AnonymousMay 30th 2014.

"smashes it"?? Tuilsa or some other yoof written this piece?

TuilsaMay 30th 2014.

Yes. Did you like it?

TULISAMay 30th 2014.


1 Response: Reply To This...
AnonymousMay 30th 2014.

Very funny, can't legislate for an occasional typo. In other great news Schofields crappy tunnel tours been scrapped, great day and a shot in the arm for health and safety aficionados.

TuilsaMay 30th 2014.

But I'm called Tuilsa

AnonymousMay 30th 2014.

The current set is just that. TV production moves quickly. It won't be long before this is a dated version of the real thing used in Salford. No one will want to see that. Demand has also been driven by the fact access to the set is limited 'now or never'. Keep it open for another few years and interest will wain.

3 Responses: Reply To This...
LukewarmdogMay 30th 2014.

Yeah stupid history, burn down the castles and rip up the parks, what people really want is office tours. This was popular when it was open, is popular again and I don't see why it wouldn't remain popular but if in a few years it isn't.. Then you close it then, not now whilst it is booming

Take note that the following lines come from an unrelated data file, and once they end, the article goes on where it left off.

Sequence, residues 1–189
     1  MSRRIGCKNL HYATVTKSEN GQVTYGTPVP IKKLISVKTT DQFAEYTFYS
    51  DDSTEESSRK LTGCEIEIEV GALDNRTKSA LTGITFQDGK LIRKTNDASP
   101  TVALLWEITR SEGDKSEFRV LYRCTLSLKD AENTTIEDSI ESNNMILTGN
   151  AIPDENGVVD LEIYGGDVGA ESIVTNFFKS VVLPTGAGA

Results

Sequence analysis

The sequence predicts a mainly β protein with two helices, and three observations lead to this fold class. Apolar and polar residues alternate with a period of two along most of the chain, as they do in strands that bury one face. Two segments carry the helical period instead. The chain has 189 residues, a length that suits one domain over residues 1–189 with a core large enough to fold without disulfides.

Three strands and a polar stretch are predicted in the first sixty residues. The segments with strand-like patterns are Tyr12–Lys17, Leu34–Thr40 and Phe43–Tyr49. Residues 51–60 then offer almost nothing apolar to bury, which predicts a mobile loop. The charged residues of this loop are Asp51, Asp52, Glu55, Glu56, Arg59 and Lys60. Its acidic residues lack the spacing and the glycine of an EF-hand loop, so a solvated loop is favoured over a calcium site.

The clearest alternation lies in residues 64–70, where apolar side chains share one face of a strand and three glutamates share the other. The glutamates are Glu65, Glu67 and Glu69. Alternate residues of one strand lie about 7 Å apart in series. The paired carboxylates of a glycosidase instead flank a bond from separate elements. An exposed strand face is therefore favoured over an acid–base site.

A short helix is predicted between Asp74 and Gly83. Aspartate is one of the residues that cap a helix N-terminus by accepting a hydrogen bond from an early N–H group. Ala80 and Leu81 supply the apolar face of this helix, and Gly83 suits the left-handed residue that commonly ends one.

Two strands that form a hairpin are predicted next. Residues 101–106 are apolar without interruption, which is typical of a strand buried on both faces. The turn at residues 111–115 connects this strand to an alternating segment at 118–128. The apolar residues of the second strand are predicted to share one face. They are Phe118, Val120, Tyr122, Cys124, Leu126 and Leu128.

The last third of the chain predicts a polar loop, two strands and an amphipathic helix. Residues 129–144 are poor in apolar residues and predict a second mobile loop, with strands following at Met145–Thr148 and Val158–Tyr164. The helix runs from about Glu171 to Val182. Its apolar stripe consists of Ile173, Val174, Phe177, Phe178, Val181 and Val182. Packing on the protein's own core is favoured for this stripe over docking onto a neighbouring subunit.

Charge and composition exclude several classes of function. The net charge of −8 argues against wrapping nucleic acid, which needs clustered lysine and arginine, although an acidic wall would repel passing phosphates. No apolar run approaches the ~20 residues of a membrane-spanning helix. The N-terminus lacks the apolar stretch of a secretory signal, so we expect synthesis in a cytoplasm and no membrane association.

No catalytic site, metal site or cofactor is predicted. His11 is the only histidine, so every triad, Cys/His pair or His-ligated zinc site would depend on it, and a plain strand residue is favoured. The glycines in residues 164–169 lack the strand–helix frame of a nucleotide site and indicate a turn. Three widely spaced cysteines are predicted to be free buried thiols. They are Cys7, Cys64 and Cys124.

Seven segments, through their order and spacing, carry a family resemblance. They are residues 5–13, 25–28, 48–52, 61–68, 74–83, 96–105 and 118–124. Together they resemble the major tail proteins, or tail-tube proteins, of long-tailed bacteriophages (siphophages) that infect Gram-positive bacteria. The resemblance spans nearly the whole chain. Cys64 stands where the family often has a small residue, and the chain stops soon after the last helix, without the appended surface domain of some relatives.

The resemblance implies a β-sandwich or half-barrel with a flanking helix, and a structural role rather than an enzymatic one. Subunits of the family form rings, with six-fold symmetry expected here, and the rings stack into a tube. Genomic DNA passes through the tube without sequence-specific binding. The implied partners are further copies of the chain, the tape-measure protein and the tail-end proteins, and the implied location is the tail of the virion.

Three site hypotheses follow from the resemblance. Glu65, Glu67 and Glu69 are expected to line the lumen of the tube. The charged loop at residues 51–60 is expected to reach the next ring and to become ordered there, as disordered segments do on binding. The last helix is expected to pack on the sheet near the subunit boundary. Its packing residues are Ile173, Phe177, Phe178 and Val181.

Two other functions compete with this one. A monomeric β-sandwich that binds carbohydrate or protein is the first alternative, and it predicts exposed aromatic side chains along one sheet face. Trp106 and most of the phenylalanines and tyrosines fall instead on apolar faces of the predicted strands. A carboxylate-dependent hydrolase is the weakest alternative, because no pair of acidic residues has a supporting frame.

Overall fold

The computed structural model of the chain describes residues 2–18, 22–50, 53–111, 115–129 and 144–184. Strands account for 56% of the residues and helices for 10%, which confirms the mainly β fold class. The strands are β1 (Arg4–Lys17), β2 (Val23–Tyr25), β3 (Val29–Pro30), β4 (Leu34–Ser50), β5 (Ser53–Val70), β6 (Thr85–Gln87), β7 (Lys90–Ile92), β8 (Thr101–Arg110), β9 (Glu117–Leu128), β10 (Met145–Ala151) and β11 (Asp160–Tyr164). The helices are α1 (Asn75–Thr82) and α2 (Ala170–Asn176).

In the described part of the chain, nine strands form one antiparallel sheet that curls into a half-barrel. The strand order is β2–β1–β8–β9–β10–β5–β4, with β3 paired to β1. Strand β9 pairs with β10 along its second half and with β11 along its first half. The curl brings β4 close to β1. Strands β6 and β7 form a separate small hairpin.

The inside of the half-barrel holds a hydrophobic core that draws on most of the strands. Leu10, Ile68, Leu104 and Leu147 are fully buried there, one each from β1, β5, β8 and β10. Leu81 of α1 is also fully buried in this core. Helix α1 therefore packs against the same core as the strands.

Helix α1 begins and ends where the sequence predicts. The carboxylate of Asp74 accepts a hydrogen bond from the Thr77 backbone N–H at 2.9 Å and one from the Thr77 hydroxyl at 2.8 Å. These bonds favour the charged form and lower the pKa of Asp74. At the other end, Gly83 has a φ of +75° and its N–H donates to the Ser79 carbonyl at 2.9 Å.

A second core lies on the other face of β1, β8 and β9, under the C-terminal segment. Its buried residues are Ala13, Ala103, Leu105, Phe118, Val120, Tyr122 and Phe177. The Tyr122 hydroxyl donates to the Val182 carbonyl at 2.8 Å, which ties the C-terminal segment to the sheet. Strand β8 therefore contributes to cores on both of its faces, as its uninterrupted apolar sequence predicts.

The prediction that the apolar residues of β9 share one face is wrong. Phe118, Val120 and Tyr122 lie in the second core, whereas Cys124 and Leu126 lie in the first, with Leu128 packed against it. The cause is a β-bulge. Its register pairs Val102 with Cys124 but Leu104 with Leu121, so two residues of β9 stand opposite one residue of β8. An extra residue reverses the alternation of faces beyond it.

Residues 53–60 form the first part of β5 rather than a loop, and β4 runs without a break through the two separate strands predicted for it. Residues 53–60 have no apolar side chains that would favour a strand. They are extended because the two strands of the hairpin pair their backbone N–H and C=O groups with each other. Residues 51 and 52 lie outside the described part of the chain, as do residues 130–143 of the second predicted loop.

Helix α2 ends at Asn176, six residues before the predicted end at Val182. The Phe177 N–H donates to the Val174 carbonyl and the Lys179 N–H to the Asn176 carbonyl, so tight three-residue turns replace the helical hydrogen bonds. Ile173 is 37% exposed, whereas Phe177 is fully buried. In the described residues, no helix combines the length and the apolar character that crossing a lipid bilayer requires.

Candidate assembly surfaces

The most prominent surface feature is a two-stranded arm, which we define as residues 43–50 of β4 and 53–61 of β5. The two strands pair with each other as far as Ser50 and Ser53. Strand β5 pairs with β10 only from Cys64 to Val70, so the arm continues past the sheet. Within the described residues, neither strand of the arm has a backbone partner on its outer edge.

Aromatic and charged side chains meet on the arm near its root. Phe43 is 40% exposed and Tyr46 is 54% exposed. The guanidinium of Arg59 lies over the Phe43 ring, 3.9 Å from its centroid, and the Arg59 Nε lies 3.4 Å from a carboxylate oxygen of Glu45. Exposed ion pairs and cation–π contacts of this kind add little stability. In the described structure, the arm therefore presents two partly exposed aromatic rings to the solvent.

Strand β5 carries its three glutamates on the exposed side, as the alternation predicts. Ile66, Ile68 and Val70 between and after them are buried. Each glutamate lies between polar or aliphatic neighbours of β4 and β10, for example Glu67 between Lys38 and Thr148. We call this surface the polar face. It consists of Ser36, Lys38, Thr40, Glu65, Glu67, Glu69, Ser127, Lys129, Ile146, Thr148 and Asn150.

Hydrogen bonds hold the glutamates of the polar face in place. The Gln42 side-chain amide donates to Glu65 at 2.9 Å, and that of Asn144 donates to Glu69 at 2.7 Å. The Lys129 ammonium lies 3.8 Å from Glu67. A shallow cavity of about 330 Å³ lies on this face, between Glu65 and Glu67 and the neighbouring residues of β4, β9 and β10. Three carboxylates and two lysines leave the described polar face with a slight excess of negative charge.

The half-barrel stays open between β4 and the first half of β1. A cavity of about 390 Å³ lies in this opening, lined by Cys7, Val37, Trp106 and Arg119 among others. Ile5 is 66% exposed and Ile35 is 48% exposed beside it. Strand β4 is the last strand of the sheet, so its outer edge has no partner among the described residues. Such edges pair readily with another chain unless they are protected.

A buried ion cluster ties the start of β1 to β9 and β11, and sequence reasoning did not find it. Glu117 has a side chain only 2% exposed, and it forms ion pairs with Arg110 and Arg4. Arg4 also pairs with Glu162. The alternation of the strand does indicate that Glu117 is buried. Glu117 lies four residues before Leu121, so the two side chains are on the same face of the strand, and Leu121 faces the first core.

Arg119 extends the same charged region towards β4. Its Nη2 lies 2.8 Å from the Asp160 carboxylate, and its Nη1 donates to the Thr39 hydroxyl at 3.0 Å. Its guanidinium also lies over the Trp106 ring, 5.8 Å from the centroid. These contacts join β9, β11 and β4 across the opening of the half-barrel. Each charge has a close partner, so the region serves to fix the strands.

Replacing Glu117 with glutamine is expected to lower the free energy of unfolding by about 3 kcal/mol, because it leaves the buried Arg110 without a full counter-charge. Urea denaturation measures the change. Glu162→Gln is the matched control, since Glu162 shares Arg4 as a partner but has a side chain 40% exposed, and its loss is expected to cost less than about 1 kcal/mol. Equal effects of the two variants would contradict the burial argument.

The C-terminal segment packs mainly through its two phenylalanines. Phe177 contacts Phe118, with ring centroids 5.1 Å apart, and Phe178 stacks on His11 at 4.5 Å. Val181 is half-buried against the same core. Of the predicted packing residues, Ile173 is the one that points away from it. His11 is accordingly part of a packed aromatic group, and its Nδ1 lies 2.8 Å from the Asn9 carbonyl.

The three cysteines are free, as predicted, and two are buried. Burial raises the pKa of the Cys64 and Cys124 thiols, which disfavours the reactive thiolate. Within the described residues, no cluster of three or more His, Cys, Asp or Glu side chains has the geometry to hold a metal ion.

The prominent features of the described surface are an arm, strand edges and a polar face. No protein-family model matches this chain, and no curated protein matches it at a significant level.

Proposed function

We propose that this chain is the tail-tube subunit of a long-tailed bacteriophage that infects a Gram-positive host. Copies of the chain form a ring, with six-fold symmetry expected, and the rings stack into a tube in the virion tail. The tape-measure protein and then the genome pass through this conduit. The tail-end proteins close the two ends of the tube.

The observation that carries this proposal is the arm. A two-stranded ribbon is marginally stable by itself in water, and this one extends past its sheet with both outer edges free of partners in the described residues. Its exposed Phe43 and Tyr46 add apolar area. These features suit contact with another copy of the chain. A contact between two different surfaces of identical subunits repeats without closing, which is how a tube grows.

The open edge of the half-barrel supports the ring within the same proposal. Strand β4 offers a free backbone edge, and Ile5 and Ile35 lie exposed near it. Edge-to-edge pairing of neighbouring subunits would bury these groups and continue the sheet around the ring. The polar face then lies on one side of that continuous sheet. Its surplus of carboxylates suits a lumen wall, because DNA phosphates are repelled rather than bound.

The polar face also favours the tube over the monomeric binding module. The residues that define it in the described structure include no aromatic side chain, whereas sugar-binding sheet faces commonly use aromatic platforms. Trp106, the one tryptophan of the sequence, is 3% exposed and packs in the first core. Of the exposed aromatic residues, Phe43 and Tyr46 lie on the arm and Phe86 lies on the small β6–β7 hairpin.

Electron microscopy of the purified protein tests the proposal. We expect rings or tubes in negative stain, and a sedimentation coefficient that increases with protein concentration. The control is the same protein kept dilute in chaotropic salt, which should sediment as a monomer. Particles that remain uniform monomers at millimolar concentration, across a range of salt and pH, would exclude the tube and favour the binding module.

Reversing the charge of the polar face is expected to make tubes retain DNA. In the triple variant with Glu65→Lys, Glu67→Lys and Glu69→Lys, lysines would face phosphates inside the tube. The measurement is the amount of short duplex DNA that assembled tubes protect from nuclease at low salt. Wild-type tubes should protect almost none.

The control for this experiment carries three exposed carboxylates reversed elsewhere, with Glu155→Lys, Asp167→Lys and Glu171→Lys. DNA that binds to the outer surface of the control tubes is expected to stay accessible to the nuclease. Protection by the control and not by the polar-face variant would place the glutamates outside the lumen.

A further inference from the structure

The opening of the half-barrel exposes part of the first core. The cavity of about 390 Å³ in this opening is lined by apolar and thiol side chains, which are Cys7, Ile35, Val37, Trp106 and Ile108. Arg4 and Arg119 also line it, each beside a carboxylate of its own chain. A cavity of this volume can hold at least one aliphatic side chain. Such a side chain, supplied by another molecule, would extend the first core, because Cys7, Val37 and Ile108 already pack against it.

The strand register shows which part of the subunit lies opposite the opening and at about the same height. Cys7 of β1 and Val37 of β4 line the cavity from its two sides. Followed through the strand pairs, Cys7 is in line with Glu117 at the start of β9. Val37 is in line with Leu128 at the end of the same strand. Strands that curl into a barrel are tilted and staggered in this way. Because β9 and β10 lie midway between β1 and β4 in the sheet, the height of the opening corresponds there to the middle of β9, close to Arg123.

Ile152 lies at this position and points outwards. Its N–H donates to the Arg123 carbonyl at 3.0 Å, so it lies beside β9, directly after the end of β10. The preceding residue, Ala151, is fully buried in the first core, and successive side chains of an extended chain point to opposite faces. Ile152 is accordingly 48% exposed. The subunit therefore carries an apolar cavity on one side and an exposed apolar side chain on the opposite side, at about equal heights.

AnonymousMay 30th 2014.

Anon, it's in Trafford not Salford.

AnonymousMay 30th 2014.

Blimey that's nitpicking - it's just on the cusp of both! It's in Media City, which is officially Salford. But just across on Trafford Wharf...

AnonymousMay 30th 2014.

What organisation gets the ticket money?

1 Response: Reply To This...
AnonymousMay 30th 2014.

ITV plc

AnonymousMay 30th 2014.

Why the hell are people supporting the closure of the set and the end of what is clearly a very popular tourist attraction? Even if demand drops over time, it shows that Manchester needs tourist attractions so may help bring new ones to the city? Whether you're a corrie fan or not it makes sense to keep it open, surely?